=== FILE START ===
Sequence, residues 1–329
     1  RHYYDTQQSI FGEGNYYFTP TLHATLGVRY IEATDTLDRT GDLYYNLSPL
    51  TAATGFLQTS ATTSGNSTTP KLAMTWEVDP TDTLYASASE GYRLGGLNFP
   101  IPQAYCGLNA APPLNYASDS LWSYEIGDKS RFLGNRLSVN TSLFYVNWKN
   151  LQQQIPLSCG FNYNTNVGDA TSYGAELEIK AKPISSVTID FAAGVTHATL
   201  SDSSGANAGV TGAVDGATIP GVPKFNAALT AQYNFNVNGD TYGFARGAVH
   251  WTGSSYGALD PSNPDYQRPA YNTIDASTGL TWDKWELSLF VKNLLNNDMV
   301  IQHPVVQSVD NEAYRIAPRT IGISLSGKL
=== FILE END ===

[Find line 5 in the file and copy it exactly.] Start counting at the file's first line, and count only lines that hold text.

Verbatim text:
   151  LQQQIPLSCG FNYNTNVGDA TSYGAELEIK AKPISSVTID FAAGVTHATL